Even with that upset, Southwestern Oklahoma goes into this weekend’s play one-half game ahead of East Central. The Bulldogs are 8-2 in the GAC, 11-5 overall; ECU is 8-3 and 11-6. Northwestern and Southeastern, meanwhile, are both 3-7 in league play. The Rangers are 6-10 for the season; the Savage Storm are 5-10.

Only Southwestern was able to handle the Boll Weevils the first time through the conference schedule. The Bulldogs bested UAM 74-65 back in November 2013 but the Weevils downed the other three Oklahoma schools as part of the eight-game winning streak. UAM defeated Northwestern 71-61, East Central 76-71 and Southeastern 65-57.

On the women’s side, Ray’s young Blossoms have taken their lumps thus far. UAM, which only has one senior on its roster, is 1-10 in the GAC and 5-12 for the season. The Blossoms are currently mired in an eight-game losing streak and have already lost to three of the four schools they’ll be playing the next two weekends.

An 82-80 overtime win over Northwestern has been the lone bright spot for the UAM women in conference action thus far. That came two days after Southwestern pretty much had its way in a 118-88 Blossom loss. East Central also downed UAM 66-54 and Southeastern topped the Blossoms 75-61.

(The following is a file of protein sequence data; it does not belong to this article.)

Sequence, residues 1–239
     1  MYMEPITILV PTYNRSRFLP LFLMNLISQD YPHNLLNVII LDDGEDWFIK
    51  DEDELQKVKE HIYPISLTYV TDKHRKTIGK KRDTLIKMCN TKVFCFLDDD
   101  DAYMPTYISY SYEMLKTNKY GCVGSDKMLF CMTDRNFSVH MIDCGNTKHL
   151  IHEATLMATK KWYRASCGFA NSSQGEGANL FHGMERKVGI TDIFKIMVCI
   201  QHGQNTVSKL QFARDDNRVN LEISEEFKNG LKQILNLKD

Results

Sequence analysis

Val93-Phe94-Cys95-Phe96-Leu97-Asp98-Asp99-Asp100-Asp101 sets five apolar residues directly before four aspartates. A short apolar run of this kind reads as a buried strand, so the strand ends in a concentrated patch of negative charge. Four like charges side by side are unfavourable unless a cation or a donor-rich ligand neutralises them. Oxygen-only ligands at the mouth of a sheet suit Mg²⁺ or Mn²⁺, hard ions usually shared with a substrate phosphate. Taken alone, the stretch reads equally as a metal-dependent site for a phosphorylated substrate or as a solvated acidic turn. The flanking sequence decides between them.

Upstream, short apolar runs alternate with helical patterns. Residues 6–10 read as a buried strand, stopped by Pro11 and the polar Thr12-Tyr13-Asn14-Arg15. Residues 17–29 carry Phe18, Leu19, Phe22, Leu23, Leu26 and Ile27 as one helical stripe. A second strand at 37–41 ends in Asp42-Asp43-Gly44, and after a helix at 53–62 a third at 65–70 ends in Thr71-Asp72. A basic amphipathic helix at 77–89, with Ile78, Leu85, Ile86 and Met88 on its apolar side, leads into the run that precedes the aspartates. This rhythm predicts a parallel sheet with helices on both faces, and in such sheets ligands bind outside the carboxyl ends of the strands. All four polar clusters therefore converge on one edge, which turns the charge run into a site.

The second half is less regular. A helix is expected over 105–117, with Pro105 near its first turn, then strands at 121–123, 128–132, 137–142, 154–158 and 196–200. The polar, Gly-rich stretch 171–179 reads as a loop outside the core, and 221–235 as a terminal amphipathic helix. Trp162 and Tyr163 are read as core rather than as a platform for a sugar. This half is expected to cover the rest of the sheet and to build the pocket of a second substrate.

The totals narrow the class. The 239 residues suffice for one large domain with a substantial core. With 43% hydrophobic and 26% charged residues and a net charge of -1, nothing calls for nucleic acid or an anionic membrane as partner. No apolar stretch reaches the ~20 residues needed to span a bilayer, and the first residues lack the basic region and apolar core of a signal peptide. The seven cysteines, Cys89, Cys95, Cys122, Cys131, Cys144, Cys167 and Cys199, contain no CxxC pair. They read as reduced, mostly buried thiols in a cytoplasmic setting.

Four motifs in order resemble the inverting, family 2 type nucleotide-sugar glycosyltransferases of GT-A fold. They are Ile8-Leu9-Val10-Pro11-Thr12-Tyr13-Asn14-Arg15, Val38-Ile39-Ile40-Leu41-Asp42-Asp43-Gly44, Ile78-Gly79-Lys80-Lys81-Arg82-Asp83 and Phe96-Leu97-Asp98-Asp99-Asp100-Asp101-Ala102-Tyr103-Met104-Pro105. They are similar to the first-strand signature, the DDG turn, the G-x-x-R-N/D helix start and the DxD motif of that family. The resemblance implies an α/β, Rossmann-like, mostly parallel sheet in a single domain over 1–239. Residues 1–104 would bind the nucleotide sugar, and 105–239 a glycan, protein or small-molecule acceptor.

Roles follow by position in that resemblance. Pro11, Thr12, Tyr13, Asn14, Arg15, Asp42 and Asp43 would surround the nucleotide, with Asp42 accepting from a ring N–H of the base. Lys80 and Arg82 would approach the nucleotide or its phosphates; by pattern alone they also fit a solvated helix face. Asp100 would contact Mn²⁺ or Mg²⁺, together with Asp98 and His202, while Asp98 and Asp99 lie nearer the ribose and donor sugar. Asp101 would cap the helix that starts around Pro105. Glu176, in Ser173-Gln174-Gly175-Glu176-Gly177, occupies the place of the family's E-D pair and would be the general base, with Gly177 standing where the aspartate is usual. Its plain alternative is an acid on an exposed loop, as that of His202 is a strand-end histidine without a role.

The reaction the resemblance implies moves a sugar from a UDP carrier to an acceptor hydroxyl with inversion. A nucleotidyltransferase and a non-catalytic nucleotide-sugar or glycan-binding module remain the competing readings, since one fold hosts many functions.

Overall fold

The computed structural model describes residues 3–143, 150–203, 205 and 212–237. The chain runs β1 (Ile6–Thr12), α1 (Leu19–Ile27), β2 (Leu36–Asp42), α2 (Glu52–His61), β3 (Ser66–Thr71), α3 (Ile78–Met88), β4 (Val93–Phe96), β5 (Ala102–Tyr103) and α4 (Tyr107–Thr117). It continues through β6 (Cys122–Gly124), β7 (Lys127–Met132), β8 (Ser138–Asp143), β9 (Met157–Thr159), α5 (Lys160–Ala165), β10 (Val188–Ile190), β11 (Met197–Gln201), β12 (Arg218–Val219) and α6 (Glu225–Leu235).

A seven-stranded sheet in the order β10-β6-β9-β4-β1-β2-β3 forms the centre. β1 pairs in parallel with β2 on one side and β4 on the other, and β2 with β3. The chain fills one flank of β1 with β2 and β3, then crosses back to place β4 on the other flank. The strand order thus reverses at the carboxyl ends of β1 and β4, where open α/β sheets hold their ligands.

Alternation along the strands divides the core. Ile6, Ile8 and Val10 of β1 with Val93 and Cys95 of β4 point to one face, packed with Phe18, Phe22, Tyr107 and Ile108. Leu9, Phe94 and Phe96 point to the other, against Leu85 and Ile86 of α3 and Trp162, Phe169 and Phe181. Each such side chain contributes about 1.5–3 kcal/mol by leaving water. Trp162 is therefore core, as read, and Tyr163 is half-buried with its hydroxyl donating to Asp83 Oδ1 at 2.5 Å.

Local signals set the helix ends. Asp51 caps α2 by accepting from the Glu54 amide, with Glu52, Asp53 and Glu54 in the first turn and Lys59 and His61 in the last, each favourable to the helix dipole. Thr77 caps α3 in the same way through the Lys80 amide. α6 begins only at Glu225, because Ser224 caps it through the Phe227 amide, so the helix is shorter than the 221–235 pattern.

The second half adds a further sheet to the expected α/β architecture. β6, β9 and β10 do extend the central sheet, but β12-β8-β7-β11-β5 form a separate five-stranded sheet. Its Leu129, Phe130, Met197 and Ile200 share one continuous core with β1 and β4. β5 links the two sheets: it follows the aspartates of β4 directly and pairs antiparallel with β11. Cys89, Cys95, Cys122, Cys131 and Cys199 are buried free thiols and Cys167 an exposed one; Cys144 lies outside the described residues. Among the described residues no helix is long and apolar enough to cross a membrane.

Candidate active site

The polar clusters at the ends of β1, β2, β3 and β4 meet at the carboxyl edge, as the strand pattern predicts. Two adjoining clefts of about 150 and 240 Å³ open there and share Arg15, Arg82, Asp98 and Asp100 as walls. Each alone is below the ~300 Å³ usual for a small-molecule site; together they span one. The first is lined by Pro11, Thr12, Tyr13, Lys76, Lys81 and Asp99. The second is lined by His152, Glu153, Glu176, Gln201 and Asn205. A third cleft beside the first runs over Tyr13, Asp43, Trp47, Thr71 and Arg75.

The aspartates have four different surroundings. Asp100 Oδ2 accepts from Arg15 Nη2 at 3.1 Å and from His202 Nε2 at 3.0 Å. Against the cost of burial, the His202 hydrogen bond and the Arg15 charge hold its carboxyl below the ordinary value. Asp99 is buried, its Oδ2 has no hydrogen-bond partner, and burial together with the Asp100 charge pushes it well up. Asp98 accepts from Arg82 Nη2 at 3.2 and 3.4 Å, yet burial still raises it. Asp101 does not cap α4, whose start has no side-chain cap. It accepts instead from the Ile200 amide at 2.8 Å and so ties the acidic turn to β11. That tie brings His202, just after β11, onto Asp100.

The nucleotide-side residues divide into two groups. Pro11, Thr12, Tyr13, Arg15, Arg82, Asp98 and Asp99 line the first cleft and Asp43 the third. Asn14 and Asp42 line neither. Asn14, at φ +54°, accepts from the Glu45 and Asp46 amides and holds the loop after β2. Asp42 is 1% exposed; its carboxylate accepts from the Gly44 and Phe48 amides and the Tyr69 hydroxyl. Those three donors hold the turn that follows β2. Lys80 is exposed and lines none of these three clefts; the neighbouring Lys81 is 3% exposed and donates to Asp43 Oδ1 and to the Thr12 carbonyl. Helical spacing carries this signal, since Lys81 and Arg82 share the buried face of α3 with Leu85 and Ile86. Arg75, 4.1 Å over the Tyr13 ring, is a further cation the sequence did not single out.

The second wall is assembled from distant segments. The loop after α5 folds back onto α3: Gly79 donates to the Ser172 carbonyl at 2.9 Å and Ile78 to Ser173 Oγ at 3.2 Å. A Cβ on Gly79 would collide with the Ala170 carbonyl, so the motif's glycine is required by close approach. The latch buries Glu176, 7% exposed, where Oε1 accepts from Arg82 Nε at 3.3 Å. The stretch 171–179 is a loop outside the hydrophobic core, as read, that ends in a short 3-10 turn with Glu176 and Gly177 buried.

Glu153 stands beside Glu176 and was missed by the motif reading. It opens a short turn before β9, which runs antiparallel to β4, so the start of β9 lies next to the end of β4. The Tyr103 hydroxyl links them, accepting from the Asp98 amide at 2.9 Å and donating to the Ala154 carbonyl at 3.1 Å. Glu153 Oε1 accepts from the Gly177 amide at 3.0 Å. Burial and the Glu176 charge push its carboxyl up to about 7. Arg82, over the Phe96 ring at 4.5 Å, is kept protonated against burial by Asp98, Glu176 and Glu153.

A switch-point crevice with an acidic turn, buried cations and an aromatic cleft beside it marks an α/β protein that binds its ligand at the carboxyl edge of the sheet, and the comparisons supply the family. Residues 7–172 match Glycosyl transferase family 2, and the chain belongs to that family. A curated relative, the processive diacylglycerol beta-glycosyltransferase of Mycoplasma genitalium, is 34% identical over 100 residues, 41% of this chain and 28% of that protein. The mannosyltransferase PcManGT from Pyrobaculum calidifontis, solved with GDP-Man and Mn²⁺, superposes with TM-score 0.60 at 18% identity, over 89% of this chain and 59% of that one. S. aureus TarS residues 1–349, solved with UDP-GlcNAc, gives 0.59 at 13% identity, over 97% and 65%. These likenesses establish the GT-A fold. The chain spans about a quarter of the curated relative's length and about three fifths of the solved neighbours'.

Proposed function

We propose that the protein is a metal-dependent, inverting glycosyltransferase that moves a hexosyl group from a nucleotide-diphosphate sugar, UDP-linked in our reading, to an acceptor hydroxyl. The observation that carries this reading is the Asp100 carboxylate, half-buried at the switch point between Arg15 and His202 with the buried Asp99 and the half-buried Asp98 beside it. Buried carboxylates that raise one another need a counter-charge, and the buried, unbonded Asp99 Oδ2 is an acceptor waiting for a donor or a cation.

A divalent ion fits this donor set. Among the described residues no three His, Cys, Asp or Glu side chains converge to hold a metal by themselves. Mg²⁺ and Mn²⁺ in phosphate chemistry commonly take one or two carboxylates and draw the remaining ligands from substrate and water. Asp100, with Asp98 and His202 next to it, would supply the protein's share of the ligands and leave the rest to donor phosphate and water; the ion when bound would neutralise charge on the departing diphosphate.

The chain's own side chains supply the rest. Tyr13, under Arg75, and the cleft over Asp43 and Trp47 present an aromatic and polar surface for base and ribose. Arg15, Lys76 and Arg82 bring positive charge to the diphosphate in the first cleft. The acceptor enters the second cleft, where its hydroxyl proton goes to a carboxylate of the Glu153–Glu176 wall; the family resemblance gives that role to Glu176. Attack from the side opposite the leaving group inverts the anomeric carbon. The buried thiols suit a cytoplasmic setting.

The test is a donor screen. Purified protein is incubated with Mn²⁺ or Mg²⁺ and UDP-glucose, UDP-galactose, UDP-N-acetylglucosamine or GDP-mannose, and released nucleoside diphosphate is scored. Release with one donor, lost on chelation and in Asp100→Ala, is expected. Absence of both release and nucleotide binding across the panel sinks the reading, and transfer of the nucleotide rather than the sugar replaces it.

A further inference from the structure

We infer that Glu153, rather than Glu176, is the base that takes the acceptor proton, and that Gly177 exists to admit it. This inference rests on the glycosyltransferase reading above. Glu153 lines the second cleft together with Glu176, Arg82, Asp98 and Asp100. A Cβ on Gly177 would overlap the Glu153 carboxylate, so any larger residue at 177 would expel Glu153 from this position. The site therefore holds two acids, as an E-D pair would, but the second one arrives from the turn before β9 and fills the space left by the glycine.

“These next four games will be tough for us having to leave the state in back-to-back weeks,” said Ray, who is in her third season as head coach of the Blossoms. “In the past we have been fortunate to have them in separate semesters. They will be important games for us and I feel like if we can go 2-2 on this swing we can position ourselves to be in the conference tournament race.”

Currently, UAM sits in the cellar of the league standings and out of the GAC Championship Tournament picture. Only eight teams advance from the regular season into the postseason tournament and, even with Northwestern and Southern Nazarene University being ineligible for GAC postseason play because of provisional status within the league, the Blossoms would have to finish ahead of at least one other team to continue their season past the regular-season finale on March 1.

Both coaches agreed the tough four-game road trip looming ahead of their teams has a silver lining. Four of the last five UAM games are inside the friendly confines of Steelman Field House. The teams have to hit the road for only the relatively easy (compared with the next two weekends) 138-mile trip to Searcy and Harding University on Feb. 22.

“Having four of our last five conference games at home is a real positive,” Ray said, “and can be very beneficial to us as we make this push down the stretch.”

Sharpe added, “That is a great way to end the season with four of five at home. The standings are starting to get clogged up again with Southwestern and (Arkansas) Tech (University) losing to Northwestern and Southeastern. We enjoy playing at home and feel like we have an advantage.”

Provided these next two weekends on the road don’t make that advantage moot.

The Advance-Monticellonian